Mackenzie Roux
A senior at Georgia College, Mackenzie Roux runs the 1:27 Project, a nonprofit organization (Image via Roux)

Georgia College’s Mackenzie Roux Is Creating Hope With the 1:27 Project

Georgia College senior Mackenzie Roux wants to restore joy, hope, love, peace and the simplicity of childhood with her nonprofit.

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Mackenzie Roux

Georgia College senior Mackenzie Roux wants to restore joy, hope, love, peace and the simplicity of childhood with her nonprofit.

While most students have been spending their free time binge-watching Netflix shows, Mackenzie Roux, a senior at Georgia College, has been busy running a nonprofit organization.

Roux, a devout Christian, is the founder of the “1:27 Project,” a nonprofit founded on the principles of the Bible verse James 1:27. The 1:27 Project seeks to restore love, hope, joy and God’s intended design for childhood. This upcoming summer, Roux and her team will work to fulfill the nonprofit’s mission by running a week-long camp for orphans in Romania.

Katie Lommen: What exactly is the 1:27 Project?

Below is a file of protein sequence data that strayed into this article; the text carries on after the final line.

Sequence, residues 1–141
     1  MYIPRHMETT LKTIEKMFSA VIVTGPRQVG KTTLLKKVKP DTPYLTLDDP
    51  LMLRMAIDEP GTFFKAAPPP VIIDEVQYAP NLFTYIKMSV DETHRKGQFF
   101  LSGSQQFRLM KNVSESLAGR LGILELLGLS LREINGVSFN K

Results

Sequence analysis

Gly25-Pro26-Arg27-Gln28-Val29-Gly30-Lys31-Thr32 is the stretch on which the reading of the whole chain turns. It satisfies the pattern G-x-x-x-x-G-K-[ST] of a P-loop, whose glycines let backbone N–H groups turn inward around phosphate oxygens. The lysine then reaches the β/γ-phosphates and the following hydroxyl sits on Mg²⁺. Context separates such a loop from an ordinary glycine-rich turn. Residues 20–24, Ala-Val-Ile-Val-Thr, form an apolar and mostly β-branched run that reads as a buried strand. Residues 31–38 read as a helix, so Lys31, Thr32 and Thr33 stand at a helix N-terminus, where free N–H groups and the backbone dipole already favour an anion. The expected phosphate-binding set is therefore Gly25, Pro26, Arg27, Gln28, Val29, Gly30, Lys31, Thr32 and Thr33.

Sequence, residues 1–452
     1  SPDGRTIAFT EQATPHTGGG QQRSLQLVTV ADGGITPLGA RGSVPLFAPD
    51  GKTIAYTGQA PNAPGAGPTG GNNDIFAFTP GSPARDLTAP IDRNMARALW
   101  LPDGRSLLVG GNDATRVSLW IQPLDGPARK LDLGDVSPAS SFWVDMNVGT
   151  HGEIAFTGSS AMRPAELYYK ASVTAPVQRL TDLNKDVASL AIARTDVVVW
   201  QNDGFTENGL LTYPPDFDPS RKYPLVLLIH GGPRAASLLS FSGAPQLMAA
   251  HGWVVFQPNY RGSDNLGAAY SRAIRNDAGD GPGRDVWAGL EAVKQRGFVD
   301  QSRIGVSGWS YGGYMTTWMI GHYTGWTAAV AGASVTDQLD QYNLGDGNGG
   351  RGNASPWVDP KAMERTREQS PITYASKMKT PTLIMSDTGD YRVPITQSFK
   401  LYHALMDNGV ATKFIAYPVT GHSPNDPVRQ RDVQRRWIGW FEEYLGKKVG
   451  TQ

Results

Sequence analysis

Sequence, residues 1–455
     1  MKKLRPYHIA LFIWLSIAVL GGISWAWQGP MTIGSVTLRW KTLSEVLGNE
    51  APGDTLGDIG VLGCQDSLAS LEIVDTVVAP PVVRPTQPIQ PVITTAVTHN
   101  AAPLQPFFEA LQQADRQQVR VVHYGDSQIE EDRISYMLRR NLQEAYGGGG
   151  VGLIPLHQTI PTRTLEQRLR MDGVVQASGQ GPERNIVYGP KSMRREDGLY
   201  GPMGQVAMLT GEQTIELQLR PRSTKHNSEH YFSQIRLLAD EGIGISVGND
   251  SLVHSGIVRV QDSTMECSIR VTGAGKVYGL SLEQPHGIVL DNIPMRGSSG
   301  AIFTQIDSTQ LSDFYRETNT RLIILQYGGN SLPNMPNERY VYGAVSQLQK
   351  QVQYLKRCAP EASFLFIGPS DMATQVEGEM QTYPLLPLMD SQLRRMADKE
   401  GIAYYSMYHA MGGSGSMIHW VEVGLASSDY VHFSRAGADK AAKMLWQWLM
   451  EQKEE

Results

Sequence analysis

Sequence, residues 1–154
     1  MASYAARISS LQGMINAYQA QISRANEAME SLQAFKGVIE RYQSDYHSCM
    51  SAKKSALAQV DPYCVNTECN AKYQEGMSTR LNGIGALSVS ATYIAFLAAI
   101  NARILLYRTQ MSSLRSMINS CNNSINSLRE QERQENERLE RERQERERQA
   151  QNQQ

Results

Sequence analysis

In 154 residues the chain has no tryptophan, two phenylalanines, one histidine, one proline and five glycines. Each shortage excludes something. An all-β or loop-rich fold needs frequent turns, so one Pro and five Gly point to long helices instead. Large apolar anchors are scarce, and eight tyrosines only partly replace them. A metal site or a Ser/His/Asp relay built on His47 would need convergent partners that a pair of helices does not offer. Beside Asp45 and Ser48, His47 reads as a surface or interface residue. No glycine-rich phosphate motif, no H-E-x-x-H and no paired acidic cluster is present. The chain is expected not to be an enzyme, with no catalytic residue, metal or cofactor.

Mackenzie Roux: The 1:27 Project, which comes from James 1:27, says, “Religion that God our Father accepts as pure and faultless is this: to look after orphans and widows in their distress…” That part of the verse stuck out to me and resonated with me because it’s easy to make any excuse to not help “right now.”

We then try to justify that by telling ourselves someone somewhere who is less busy must be helping and once we have time we’ll help. The more and more you put it off, the less likely you are to do something.

I really think that verse exemplifies this notion, that you should look after orphans when they’re in distress in their current situation and not wait until they get adopted or until they get into foster care. So that’s our goal: to restore joy, hope, love, peace and the simplicity of childhood.

KL: Most college students are incredibly busy, so what prompted you to found the 1:27 Project?

MR: In 2014, I went to Romania on a spring break trip during my senior year of high school. I had grown up hearing the realities, the harsh realities of the Romanian orphanage system. My mom had been visiting since 2004 and it was a lot — the conditions were a lot more dire then.

They had taken videos so they could remember the trip and show it to the rest of us. Some of my earliest memories are seeing kids who look like they should’ve been about one year old and then my heart broke finding out that they were in the three to four year old range, which just meant that their growth had been stunted by an incredible amount.

It broke my heart when I was eight, it broke my heart when I was 18 and it still breaks my heart now that I’m 22. It’s not just something that you can unsee.